Despite being only a medium-sized sauropod, Andesaurus has often been labeled in books and on websites as a colossus verging on 30m long. In reality, the bones indicate a far smaller animal, and are dwarfed by those of real 100+ footers like Argentinosaurus and Puertasaurus.

Missing bones whose shapes can be reasonably well-approximated are shaded, I did not figure speculative neck bones since we literally have no clue what they would have looked like. Skeletal and accompanying diagrams of specific vertebrae are based on photographs of the fossils and on scale diagrams in Salgado et. al. 1997 and Mannion and Calvo, 2011.

References:

Calvo, J.O. & Bonaparte, J.F. 1991. Andesaurus delgadoi nov. gen. et nov. sp. (Saurischia, Sauropoda) a titanosaurid dinosaur from the Río Limay Formation (Albian-Cenomanian), Neuquén, Argentina.] Ameghiniana. 28: 303-310. [In Spanish]

Mannion, P.D. & Calvo, J.O. 2011. Anatomy of the basal titanosaur (Dinosauria, Sauropoda) Andesaurus delgadoi from the mid-Cretaceous (Albian–early Cenomanian) Río Limay Formation, Neuquén Province, Argentina: implications for titanosaur systematics. Zoological Journal of the Linnean Society [link]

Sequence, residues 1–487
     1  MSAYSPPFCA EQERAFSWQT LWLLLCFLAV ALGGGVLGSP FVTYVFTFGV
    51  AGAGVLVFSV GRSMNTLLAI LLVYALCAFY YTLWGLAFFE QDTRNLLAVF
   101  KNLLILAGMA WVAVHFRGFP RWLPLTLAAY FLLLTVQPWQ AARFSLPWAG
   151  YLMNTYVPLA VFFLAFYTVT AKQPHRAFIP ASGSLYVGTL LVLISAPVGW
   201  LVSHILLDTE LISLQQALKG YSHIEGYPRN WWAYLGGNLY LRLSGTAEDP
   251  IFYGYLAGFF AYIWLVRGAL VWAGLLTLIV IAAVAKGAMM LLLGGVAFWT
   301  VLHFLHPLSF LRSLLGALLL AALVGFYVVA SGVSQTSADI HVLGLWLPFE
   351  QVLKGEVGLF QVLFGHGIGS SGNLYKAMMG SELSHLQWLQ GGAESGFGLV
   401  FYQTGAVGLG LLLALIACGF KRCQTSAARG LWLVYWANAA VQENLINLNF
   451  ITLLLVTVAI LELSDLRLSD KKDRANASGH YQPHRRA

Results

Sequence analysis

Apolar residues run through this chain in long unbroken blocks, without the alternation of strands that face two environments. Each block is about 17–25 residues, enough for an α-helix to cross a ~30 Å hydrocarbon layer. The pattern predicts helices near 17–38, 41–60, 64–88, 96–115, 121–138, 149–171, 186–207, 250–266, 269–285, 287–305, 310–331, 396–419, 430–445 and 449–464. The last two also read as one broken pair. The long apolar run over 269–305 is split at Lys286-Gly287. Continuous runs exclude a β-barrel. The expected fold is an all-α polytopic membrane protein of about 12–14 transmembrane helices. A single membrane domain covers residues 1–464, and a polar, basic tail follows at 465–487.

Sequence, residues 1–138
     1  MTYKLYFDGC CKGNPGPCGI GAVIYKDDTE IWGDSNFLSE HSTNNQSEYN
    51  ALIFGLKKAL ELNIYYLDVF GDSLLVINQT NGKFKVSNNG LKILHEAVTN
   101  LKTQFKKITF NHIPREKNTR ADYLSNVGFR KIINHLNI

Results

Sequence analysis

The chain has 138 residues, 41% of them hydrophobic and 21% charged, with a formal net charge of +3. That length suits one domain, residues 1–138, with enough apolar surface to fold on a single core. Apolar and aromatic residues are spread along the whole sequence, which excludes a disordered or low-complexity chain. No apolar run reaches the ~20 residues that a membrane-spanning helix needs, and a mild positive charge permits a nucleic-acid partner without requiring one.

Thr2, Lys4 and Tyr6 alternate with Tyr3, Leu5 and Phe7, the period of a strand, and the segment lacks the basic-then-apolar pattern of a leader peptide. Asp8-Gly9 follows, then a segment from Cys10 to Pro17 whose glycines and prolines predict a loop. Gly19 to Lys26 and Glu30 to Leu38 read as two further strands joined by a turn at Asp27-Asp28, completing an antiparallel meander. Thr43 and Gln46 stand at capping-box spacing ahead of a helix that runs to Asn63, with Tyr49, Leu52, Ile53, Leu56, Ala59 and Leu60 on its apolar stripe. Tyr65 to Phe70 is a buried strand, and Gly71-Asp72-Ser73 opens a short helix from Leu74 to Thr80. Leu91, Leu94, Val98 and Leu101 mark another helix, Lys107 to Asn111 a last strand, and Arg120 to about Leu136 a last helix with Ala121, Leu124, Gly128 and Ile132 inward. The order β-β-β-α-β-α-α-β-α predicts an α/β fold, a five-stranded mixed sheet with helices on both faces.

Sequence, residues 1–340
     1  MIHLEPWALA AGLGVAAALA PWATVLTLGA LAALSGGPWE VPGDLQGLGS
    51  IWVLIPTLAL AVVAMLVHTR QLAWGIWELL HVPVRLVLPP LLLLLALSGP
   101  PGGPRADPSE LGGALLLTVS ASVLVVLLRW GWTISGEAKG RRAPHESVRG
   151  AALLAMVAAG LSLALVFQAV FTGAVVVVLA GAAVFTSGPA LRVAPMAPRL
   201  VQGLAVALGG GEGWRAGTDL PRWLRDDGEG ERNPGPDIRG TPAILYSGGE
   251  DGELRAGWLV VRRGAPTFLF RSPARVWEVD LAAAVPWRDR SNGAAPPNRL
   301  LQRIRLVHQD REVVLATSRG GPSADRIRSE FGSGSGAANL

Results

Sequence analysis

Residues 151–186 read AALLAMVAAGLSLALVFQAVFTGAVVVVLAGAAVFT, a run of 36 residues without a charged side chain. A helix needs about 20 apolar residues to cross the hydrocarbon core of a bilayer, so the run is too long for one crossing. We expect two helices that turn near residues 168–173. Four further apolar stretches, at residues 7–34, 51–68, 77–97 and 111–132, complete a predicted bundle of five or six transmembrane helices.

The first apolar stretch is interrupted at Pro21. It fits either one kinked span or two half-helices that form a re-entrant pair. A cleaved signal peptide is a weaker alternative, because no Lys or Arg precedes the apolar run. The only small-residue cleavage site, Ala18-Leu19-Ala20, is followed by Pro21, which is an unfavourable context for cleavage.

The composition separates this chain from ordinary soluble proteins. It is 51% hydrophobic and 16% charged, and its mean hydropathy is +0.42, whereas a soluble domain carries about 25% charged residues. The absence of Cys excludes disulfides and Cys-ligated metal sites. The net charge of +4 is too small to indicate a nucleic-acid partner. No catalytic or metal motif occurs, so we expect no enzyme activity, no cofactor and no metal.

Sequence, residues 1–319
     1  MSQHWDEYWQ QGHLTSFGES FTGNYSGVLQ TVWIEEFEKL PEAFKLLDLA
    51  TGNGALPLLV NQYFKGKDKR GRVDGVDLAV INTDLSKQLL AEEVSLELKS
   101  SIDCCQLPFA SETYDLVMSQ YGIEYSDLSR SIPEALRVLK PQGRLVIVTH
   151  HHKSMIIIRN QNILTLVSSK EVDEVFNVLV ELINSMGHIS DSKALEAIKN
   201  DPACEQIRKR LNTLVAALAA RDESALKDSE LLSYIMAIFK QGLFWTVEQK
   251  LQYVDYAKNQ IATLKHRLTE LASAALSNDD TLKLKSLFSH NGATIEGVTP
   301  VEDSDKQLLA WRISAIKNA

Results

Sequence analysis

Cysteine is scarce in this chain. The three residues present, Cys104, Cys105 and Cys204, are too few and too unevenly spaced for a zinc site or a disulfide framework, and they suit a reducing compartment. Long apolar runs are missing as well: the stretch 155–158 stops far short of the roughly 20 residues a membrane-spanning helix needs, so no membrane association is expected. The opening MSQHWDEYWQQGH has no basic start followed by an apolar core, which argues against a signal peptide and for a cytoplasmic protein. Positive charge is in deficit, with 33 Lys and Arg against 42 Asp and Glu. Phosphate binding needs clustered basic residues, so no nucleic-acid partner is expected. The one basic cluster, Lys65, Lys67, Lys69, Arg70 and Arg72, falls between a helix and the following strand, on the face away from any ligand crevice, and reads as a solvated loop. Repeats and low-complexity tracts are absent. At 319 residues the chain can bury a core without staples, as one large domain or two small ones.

Add a Comment:
 
:iconninjamonkey38:
NinjaMonkey38 Featured By Owner Feb 1, 2013  Hobbyist General Artist
Odd, considering "delgado" is Spanish for "thin", and this was a sauropod. XD
Reply
:iconpaleo-king:
Paleo-King Featured By Owner Feb 2, 2013  Professional Traditional Artist
Yeah, it's named after a guy with the last name Delgado who apparently helped discover it.

That said, it IS pretty thin as far as titanosaurs go (most are basically walking whales). The basal ones were generally on the more slender side, and Andesaurus was not very huge among those.
Reply
:iconninjamonkey38:
NinjaMonkey38 Featured By Owner Feb 2, 2013  Hobbyist General Artist
Walking whales... Pretty much the best way to describe the Futalognkosaurids, like Argentinosaurus. XD
Reply
:iconpaleo-king:
Paleo-King Featured By Owner Feb 2, 2013  Professional Traditional Artist